The Pipestone Lamb and Wool Program is nearly 50 years old and using new tools to shepherd producers into an increasingly profitable enterprise.
Instructors are based at Minnesota West Community and Technical College at Pipestone, Minn., but spend much of their time on the road to the 120 farms they serve, primarily in Minnesota, South Dakota, Nebraska and Iowa.
The staff is led by veteran instructor Philip Berg, who grew up on his family’s Pipestone area sheep farm. He’s been an instructor with the Pipestone program since 2005.
LIKE ‘CROP CONSULTING’
The Pipestone program is the only one Berg knows of in the U.S. with all of its parts — research-backed education, consultation, networking and risk management through marketing.
“I consider part of our program is very similar to crop consulting, where they’re coming out and viewing their crop,” Berg said. “We’re going out and viewing their facilities, viewing their ewes, looking at their body condition, looking at the lambs, at how they’re growing.
“Recently we’ve had a lot of excitement in the sheep industry because of some of the economics that we’ve seen,” Berg said.
Ann Kolthoff of Brookings, S.D., joined as a new instructor in July 2020. She says the best thing about the program is helping producers.
“Right now we’re starting our lambing season,” Kolthoff said. “What they’re worried about at this point in time is items that are going to affect their lambing season, and keep their lambs alive.”
YOUNG & GROWING
On a February farm visit, Kolthoff visited the snug lambing barn that Brian Fruechte and his wife, Kim, built in the past year in Verdi, Minn. As they strolled through the Fruechte’s new facilities, the topics ranged from nutrition to equipment.
The Fruechtes, both 37, said they’re making sheep a focal point of their diversified farming family life. After graduating from Pipestone High School, Brian and Kim went on to SDSU. They graduated in 2005 — Brian in ag economics/ag business, and Kim in consumer affairs/human resources. They married, worked briefly in Sioux Falls, S.D., and returned to farm when his grandfather — David — moved to town. The young couple raise corn and soybeans, sharing equipment with his father, Michael, who lives nearby. Brian also has started a crop insurance agency and a seed dealership.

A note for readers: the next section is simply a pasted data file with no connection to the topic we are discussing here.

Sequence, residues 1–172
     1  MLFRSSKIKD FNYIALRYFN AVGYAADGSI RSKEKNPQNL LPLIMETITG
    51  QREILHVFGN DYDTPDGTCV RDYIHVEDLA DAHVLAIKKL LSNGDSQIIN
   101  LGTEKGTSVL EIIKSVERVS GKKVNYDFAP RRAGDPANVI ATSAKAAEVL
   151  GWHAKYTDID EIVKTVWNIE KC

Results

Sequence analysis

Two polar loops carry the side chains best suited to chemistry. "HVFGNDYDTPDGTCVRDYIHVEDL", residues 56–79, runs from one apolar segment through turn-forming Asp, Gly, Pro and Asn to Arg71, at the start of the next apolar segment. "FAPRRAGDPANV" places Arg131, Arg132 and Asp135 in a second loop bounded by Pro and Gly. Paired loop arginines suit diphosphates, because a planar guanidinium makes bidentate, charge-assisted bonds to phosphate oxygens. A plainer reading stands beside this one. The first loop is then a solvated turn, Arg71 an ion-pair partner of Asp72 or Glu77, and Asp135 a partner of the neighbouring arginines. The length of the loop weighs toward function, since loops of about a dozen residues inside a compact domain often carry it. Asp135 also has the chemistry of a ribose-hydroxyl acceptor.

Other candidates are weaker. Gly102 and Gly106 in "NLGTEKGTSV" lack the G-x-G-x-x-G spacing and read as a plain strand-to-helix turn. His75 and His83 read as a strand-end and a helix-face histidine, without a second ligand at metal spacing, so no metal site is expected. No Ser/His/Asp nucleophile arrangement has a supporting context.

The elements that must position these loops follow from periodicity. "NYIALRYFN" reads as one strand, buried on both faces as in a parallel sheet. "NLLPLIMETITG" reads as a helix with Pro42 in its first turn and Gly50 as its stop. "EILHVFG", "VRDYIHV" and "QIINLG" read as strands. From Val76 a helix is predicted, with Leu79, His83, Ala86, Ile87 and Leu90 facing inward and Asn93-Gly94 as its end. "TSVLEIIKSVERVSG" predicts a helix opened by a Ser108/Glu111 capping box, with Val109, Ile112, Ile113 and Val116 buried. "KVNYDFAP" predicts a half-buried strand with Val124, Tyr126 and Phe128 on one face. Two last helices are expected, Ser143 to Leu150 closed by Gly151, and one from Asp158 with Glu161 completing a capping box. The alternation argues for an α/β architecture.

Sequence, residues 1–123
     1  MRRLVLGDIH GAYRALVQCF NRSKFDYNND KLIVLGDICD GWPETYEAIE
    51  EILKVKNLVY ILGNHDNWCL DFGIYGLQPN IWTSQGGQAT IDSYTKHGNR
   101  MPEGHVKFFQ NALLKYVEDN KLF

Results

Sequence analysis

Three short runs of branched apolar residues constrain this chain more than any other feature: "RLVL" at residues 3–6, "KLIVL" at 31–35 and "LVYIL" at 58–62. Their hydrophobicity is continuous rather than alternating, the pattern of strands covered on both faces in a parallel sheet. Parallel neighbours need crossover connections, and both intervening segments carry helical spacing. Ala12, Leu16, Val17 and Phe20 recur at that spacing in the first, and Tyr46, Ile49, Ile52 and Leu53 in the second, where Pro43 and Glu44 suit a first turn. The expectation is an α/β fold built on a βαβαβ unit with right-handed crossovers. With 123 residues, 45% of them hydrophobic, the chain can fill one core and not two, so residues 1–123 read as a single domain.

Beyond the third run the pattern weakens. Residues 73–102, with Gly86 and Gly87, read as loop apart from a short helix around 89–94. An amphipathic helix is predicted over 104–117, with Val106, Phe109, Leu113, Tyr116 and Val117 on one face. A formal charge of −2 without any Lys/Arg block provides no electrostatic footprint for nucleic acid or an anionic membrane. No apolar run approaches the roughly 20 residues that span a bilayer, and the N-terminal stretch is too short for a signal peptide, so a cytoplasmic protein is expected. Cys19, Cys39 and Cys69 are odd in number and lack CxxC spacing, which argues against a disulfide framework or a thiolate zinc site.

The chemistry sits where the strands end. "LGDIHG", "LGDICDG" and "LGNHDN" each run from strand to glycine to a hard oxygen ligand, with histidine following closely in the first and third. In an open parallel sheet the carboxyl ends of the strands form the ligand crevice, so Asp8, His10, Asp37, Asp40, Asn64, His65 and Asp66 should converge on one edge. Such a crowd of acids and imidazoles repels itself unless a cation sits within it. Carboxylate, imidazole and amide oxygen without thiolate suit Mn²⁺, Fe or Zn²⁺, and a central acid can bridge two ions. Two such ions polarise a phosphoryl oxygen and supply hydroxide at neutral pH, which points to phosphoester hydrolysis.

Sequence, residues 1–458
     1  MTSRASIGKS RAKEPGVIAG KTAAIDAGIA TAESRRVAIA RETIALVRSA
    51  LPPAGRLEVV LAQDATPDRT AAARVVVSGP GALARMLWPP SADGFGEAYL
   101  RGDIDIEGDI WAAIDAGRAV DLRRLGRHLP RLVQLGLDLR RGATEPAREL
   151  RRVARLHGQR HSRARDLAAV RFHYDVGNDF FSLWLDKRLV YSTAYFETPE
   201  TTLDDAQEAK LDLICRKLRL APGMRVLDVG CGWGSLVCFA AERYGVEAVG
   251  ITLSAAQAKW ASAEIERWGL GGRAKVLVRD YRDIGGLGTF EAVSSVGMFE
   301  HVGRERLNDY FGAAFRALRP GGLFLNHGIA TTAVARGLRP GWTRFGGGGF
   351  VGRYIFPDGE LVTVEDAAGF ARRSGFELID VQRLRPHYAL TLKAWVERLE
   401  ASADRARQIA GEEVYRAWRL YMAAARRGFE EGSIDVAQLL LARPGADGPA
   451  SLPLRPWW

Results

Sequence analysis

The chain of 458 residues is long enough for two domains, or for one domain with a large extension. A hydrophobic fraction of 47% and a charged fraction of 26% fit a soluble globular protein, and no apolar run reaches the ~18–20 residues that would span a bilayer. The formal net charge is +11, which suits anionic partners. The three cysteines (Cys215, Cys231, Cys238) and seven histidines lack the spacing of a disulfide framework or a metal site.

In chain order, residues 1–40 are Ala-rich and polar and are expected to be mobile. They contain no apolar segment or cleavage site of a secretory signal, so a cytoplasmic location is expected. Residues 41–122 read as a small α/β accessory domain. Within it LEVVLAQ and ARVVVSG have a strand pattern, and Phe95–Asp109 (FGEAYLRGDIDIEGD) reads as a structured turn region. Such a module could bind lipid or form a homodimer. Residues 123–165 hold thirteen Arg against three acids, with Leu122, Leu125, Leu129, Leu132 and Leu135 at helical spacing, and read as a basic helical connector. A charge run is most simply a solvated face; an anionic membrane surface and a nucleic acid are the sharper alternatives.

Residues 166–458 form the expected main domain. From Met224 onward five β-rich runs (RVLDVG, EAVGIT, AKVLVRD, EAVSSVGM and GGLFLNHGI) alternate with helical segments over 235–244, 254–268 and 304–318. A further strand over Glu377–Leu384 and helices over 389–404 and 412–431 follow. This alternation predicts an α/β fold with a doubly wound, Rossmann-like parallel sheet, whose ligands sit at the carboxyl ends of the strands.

Brian said raising sheep is part of his heritage. Michael once had about 600 ewes when his three sons were in high school. “As we slowly left the home he slowly replaced them with cattle,” Brian said.
In 2017, Brian and Kim bought 150 ewes.
Brian and Kim built two 30-by-85 foot hoop barns, but after the tough winter in 2019, they invested in an insulated, 30-by-36 foot pole shed lambing barn, situated between the hoop barns. This allows January lambing, instead of delaying until April.
The best part is that the Fruechte’s four children, ages 5 to 12, all can help. The kids can care for lambs and ewes, putting them into a “jug” — a small pen that confines the ewe with a new lamb – usually for three to five days. The kids have a handful of 4-H ewes and work with chores such as bedding, feeding and vaccinating.
Some younger producers see sheep as a “stepping stone” in their farming enterprise, Berg said.
“On average, probably 25 percent to 50 percent of their income comes from sheep,” he said.
Sheep offer profit opportunities in most years, he said. One thing that’s universal is that management plays a big role in profitability.
“If we’re doing a very good job managing our ewes, getting a lot of lambs born, keeping those lambs to market, it can be very profitable,” Berg acknowledged.
Participants in the program pay for four to 10 college credits a year, which figures at $600 and up. They can earn a diploma from Minnesota West Community and Technical College.
The farms in the program average 400 to 500 ewes and range from 50 to 1,200 ewes.
Cost is based in part on the distance from Pipestone, but also on the flock size. The small flock rate is for 100 ewes or less, one visit per year in February to March. The intermediate level is for 100 to 200 ewes, with the February-March visit and a mid- to late-summer consultation. Farms of 200 ewes and above are full members, usually with three or four visits. Still another 15 are members more than 200 miles away and belong under the Sheep Central Consulting program, allowing two virtual visits per year.